Janine Kirstein, Daisuke Morito, Taichi Kakihana, Munechika Sugihara, Anita Minnen, Mark S Hipp, Carmen Nussbaum‐Krammer, F Ulrich Hartl, Kazuhiro Nagata, Richard I Morimoto
  • New friends for Ago2 in neuronal plasticity
    New friends for Ago2 in neuronal plasticity
    1. Farahnaz Sananbenesi1,2 and
    2. Andre Fischer (afische2{at}gwdg.de)1,3
    1. 1Research Group for Epigenetics in Neurodegenerative Diseases, German Center for Neurodegenerative Diseases (DZNE), Göttingen, Germany
    2. 2DZNE RNAome Biology, German Center for Neurodegenerative Diseases (DZNE), Göttingen, Germany
    3. 3Department of Psychiatry and Psychotherapy, University Medical Center, Göttingen, Germany

    MicroRNAs have emerged as central regulators of cellular homeostasis and increasing evidence suggests that they play a key role in neuronal plasticity. Major efforts are made to define microRNA networks and their targets in the brain. The mechanisms by which microRNA activity is regulated are, however, relatively unexplored. In this issue of The EMBO Journal, Störchel et al (2015) screened for proteins that affect microRNA function in neurons. They identify Nova1 and Ncoa3 as novel regulators of miRNA activity and demonstrate that both proteins are essential for neuronal plasticity in a microRNA‐dependent manner.

    See also: PH Störchel et al

    A screen for factors modulating miRNA function in neurons identifies two new regulators of Ago2 activity and shows these to be required for neuronal plasticity.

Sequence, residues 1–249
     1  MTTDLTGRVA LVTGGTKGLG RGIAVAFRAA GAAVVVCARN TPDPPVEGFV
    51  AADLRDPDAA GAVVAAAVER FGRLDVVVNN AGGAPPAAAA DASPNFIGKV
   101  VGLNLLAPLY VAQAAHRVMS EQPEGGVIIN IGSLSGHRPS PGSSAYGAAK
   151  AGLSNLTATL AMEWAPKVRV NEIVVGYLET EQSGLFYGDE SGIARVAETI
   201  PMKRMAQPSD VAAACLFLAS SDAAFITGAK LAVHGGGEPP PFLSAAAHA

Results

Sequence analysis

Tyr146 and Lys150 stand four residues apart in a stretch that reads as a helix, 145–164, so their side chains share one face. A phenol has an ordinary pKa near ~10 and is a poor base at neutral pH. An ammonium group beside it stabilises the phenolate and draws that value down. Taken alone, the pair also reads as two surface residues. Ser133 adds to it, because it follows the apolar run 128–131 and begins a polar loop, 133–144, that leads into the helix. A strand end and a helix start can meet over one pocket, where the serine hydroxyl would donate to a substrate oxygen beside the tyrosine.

Farahnaz Sananbenesi, Andre Fischer
  • Scissors for autolysosome tubules
    Scissors for autolysosome tubules
    1. Yang Chen1 and
    2. Li Yu (liyulab{at}mail.tsinghua.edu.cn)1
    1. 1The State Key Laboratory of Membrane Biology, Tsinghua University‐Peking University Joint Center for Life Sciences School of Life Sciences Tsinghua University, Beijing, China

    Autophagic lysosome reformation (ALR) is a cellular process in which lysosomes are reformed through scission of proto‐lysosomes from tubular structures extruded from autolysosomes. Despite recent progress, the molecular mechanism of ALR is far from clear. A paper in this issue of The EMBO Journal has identified lysosome‐localized PI(3)P, which is generated by the VPS34–UVRAG complex in an mTOR‐dependent manner, as an important regulator of autolysosome tubule scission (Munson et al, 2015).

    See also: MJ Munson et al

    At the end of the autophagic process, lysosomes need to reform via autophagic lysosome reformation. Phospholipid PI(3)P aids in this process downstream of mTOR and VPS34–UVRAG activity.

    Yang Chen, Li Yu
  • Huntington's disease—the sting in the tail
    Huntington's disease—the sting in the tail
    1. Maria Jimenez‐Sanchez1 and
    2. David C Rubinsztein (dcr1000{at}hermes.cam.ac.uk)1
    1. 1Department of Medical Genetics, Cambridge Institute for Medical Research University of Cambridge School of Clinical Medicine, Cambridge, UK

    Huntington's disease (HD) is a progressive neurodegenerative condition caused by the abnormal expansion of a polyglutamine tract in the N‐terminus of the huntingtin protein. Over the last 20 years, HD pathogenesis has been explained by the generation of N‐terminal fragments containing the polyglutamine stretch. A new study from Frederic Saudou's group now investigates the function of the C‐terminal fragments generated upon cleavage and shows that these products may also contribute to cellular toxicity in HD (El‐Daher et al, 2015).

    See also: M‐T El‐Daher et al

    While it is well established that abnormal expansion of a polyQ tract in the huntingtin protein N‐terminus triggers Huntington's disease, recent findings show that C‐terminal cleavage fragments also contribute to cellular toxicity.

    Maria Jimenez‐Sanchez, David C Rubinsztein
  • Cell cycle‐dependent ubiquitylation and destruction of NDE1 by CDK5‐FBW7 regulates ciliary length
    Cell cycle‐dependent ubiquitylation and destruction of NDE1 by CDK5‐FBW7 regulates ciliary length
    1. Dipak Maskey1,
    2. Matthew Caleb Marlin2,